January 17, 2022

US names David Satterfield new special envoy for Horn of Africa

Jeffrey Feltman leaves post after less than a year amid unrest in Sudan and Ethiopia.

US Special Envoy for the Horn of Africa Jeffrey Feltman will step down from his post the role “in the coming days” after a year marked by deadly crises in Ethiopia and Sudan.

Feltman plans to leave his post shortly after his current visit to Ethiopia, where more than a year of war in the country’s Tigray region has killed an estimated tens of thousands of people. The US diplomat met with Ethiopian Prime Minister Abiy Ahmed on Thursday, the Department of State said.

David Satterfield, the outgoing US ambassador to Turkey, will take up the role, US Secretary of State Antony Blinken said in a statement on Thursday.

Blinken said that the department had intended for Feltman’s appointment as special envoy to be less than a year, adding that he would continue to serve in an advisory role.

Satterfield, a veteran of the US Foreign Service with more than four decades of experience, has had a challenging post as US ambassador in Turkey, where he navigated a strained bilateral relationship between the two NATO allies.

Turkey’s increasing drone exports, most recently to Ethiopia, will be a common thread in Satterfield’s old and new roles. In December, Washington raised the issue of armed drones sales to Ethiopia with Turkey. Sources said there was mounting evidence the government used the Turkish weapons against rebel fighters.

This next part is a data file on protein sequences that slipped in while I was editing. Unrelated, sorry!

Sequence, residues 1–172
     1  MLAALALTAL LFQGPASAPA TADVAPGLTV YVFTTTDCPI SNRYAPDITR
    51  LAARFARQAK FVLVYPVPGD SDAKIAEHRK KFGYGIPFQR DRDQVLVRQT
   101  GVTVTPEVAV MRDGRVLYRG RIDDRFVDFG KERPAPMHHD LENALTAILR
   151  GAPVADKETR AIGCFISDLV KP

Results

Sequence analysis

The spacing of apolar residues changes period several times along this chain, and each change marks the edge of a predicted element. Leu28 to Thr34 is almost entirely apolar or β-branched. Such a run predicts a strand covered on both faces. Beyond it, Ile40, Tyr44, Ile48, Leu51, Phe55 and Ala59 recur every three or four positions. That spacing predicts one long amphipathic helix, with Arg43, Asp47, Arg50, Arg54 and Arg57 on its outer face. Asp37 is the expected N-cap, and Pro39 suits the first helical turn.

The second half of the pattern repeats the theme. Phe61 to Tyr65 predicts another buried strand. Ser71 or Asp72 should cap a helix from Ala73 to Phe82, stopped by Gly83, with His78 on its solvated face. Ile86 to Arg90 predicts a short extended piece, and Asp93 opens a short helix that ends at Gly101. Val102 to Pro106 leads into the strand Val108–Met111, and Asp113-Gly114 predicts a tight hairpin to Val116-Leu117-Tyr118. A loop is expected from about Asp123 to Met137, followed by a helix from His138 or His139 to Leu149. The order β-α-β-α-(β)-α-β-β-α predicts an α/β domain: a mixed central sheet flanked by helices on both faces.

“Ambassador Satterfield’s decades of diplomatic experience and work amidst some of the world’s most challenging conflicts will be instrumental in our continued effort to promote a peaceful and prosperous Horn of Africa and to advance U.S. interests in this strategic region,” Blinken said.

Feltman, a veteran US diplomat, assumed the post in April and quickly found himself in the middle of two major crises – Ethiopia’s deepening civil war between forces loyal to the Tigray People’s Liberation Front (TPLF) and the army of Prime Minister Abiy Ahmed, as well as a military coup in Sudan in October.

Ethiopian authorities repeatedly assured him and others they would seek a peaceful resolution to the country’s crisis even as conditions deteriorated.

And on the eve of last year’s coup in Sudan, military officials told Feltman during meetings in Khartoum that they did not plan to remove the prime minister by force. Three hours after leaving Sudan, Feltman learned of the coup.

The US announcement came on the heels of one by China, saying it would appoint special envoy to foster peace in the turbulent Horn of Africa and wanted to shift focus on the continent to trade over infrastructure.

Chinese Foreign Minister Wang Yi made the comments in Kenya, which has been active in diplomatic efforts to halt war in Ethiopia since late 2020 between the TPLF and Prime Minister Abiy Ahmed’s federal government.

He also visited Eritrea, which borders the northern Tigray region and has been an ally of Abiy in a conflict that has killed thousands of people, uprooted hundreds of thousands, and spread hunger.

“To share political consensus and to coordinate actions, China will appoint a special envoy of the Chinese ministry of foreign affairs for the Horn of Africa,” Wang told a news conference in the port city of Mombasa, via an interpreter.

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